Carmichael is a Liar, a Cheat and a Hypocrite
As we predicted, Alistair Carmichael was able to blatantly lie for his own personal gain and do so with impunity. On the face of it this should be seen as a good day for him. However, looking at what the judges have said it is really a bad day for everyone. Carmichael walks away with not a shred of integrity intact. The behaviour of the political class in general has been further tarnished, and the general public are left with the distinct feeling that the rules which govern their day to day working behaviour need not apply to politicians.
Firstly, todays ruling states clearly that Carmichael lied and that he did so to increase his chances of holding onto the parliamentary seat he only narrowly won.
Thus on the basis of all the evidence led before us we are satisfied beyond reasonable doubt that another purpose underlying the false statement was self-protection (a self-protection extending to Mr Roddin, provided that neither of them could be identified). Such self-protection would avoid attracting critical comment, losing esteem in the public eye, and being the subject of any disciplinary consequences, all at a very inconvenient time during the lead-up to the election. Such self-protection would avoid his presenting as a less attractive electoral candidate for the voters in Orkney and Shetland.
Now, in a properly functioning democracy this sort of act would be deemed a serious matter that would result in the recall of the politician. However, in modern Scotland the law has sent out a message that it is OK to deliberately tell an untruth in order to become an elected representative: a ruling that will surely lower the standard of candidate behaviour in the future.
It is not the fault of the judges. The law is structured in a way that it is not enough to prove that a candidate has lied to get elected. It needs to be proven that the candidate has uttered a specific type of falsehood, as explained by one of the Judges, Lady Paton:
It is of the essence of section 106 that it does not apply to lies in general: it applies only to lies in relation to the personal character or conduct of a candidate made before or during an election for the purpose of affecting that candidate’s return
Most voters would be flummoxed as to what the distinction is. However, after reading the judgement it appears that what he did was permissible because he had not stated he would never lie for political gain. The judges gave an example of what a successful case might look like:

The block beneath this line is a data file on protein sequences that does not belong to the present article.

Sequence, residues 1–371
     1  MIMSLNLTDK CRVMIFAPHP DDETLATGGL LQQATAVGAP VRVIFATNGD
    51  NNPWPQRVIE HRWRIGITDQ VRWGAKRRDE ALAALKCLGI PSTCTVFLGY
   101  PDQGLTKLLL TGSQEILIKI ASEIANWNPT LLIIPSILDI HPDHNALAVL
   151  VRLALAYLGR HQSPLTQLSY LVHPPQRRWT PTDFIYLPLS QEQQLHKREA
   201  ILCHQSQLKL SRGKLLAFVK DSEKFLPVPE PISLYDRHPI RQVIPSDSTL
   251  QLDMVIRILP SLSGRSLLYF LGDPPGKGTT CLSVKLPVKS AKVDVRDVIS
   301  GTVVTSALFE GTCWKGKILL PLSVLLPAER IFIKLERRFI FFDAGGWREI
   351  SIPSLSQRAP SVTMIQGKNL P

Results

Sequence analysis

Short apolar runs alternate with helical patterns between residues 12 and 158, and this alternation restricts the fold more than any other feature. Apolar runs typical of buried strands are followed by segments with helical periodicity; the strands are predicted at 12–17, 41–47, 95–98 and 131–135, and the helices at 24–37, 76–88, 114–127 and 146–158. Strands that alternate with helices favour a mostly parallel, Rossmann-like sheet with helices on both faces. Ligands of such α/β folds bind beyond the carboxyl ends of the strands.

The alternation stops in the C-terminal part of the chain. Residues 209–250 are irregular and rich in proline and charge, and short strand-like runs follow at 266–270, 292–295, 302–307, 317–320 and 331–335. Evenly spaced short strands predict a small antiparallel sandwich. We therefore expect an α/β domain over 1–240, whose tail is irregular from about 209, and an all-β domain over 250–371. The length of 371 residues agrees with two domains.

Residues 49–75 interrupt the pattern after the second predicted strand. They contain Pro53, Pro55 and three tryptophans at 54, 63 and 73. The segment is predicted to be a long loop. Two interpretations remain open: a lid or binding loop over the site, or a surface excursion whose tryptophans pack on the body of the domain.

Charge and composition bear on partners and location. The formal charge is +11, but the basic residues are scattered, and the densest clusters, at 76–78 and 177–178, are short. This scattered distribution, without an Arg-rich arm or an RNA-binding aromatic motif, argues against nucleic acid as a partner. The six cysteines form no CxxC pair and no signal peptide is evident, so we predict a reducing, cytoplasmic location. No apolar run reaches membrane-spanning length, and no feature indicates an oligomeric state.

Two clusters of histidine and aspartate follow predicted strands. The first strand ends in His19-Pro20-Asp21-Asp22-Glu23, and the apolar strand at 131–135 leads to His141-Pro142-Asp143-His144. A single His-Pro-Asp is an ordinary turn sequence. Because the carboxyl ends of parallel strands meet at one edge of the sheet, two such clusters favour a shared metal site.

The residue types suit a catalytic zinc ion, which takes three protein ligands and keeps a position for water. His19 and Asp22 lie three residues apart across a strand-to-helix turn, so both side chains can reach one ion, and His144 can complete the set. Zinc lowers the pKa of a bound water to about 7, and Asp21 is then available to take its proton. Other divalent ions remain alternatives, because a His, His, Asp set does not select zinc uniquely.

If a candidate made a false statement that he would never leak an internal confidential memo, no matter how helpful that might be to his party, as he regarded the practice of leaking confidential information as dishonest and morally reprehensible, and he would not stoop to such tactics, when in fact that candidate had leaked an internal confidential memo containing material which was inaccurate and highly damaging to an opponent, they would be likely to conclude that the candidate had given a false statement “’in relation to [his] personal character or conduct” because he would be falsely holding himself out as being of such a standard of honesty, honour, trustworthiness and integrity that, in contrast with what others in Westminster might do, he would never be involved in such a leaking exercise.
In the eyes of the judges Carmichael’s crime is permissible as at no point did he make himself out to be any different from any other politician. In his falsehood he did not promote himself as a person with high honour and integrity. In this way the judgement can be seen to be seriously depressing in that it is telling us that politicians are just dishonest by nature. They don’t have high levels of trustworthiness so what Carmichael did was normal. It would be an interesting world if all such incidents were reacted to with such leniency.
A: Did you just steal my bike?
B: No, I did not steal your bike.
A: But you are riding my bike.
B: Oh, you got me, I did steal it but I never said I wouldn’t steal it!
A: Fair play, just take it, you deserve it. For a moment there I thought you were the type of person who would say that they would never steal a bike.
The sad thing is, Carmichael is exactly the type of politician who would claim this sort of behaviour is immoral and that he believes politicians should be above it. He did so in a letter to the Shetland Times with regard to a very similar but successful case against Labour MP Phil Woolas. He said:
Everyone knows that politics is a robust trade, especially in an election campaign. No-one would expect candidates to spend their time highlighting their opponents’ virtues but to suggest any smear is justifiable must be wrong.
Most worryingly it betrays an attitude that I had hoped would have been eradicated by the expenses scandals of the last parliament – namely that different rules should apply to MPs than apply to the rest of the population. If Tesco tried to smear the Co-op in the same way it would soon be in trouble. Why should politics be different?
The right to freedom of speech is a fundamental one but it does bring a responsibility with it to tell the truth. The right to smear an opponent is not one we should be defending.
So although technically innocent in the eyes of the law, Carmichael is unequivocally a liar, a cheat and a hypocrite working in a corrupt business. A trade that is poorly regulated and permits behaviour which is far below what the public expects. The only positive thing I can take from this is that by letting him keep his job, we have avoided the odious spectacle of him being awarded a seat in the House Of Lords. We will have to wait 5 years for that.
Image taken from http://www.sunnation.co.uk
Please comment below and enter an email address to receive notifications of new articles. Also, if you enjoy our content you can support the site for less than one pound per month by clicking here.